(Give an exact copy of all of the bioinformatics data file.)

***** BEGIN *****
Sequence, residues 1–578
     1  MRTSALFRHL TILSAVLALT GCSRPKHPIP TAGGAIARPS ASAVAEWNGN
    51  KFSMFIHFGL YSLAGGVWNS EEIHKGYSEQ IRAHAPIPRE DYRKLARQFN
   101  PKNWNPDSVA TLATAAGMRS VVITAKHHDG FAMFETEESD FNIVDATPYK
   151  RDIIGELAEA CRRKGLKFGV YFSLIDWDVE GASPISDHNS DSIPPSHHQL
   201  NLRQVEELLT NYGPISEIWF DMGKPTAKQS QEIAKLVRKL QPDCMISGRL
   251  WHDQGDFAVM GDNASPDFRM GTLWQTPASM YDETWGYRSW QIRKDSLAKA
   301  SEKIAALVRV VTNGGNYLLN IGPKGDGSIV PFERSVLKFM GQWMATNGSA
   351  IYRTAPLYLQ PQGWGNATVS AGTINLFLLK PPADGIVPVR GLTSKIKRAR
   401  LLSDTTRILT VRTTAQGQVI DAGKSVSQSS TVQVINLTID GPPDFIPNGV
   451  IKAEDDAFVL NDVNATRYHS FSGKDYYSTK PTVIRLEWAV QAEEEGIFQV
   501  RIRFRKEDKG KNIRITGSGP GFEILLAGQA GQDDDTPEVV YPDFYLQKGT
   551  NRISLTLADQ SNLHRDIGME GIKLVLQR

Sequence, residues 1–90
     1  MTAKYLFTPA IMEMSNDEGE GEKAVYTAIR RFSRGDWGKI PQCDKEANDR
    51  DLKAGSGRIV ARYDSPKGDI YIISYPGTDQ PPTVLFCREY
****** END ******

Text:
Sequence, residues 1–578
     1  MRTSALFRHL TILSAVLALT GCSRPKHPIP TAGGAIARPS ASAVAEWNGN
    51  KFSMFIHFGL YSLAGGVWNS EEIHKGYSEQ IRAHAPIPRE DYRKLARQFN
   101  PKNWNPDSVA TLATAAGMRS VVITAKHHDG FAMFETEESD FNIVDATPYK
   151  RDIIGELAEA CRRKGLKFGV YFSLIDWDVE GASPISDHNS DSIPPSHHQL
   201  NLRQVEELLT NYGPISEIWF DMGKPTAKQS QEIAKLVRKL QPDCMISGRL
   251  WHDQGDFAVM GDNASPDFRM GTLWQTPASM YDETWGYRSW QIRKDSLAKA
   301  SEKIAALVRV VTNGGNYLLN IGPKGDGSIV PFERSVLKFM GQWMATNGSA
   351  IYRTAPLYLQ PQGWGNATVS AGTINLFLLK PPADGIVPVR GLTSKIKRAR
   401  LLSDTTRILT VRTTAQGQVI DAGKSVSQSS TVQVINLTID GPPDFIPNGV
   451  IKAEDDAFVL NDVNATRYHS FSGKDYYSTK PTVIRLEWAV QAEEEGIFQV
   501  RIRFRKEDKG KNIRITGSGP GFEILLAGQA GQDDDTPEVV YPDFYLQKGT
   551  NRISLTLADQ SNLHRDIGME GIKLVLQR

Sequence, residues 1–90
     1  MTAKYLFTPA IMEMSNDEGE GEKAVYTAIR RFSRGDWGKI PQCDKEANDR
    51  DLKAGSGRIV ARYDSPKGDI YIISYPGTDQ PPTVLFCREY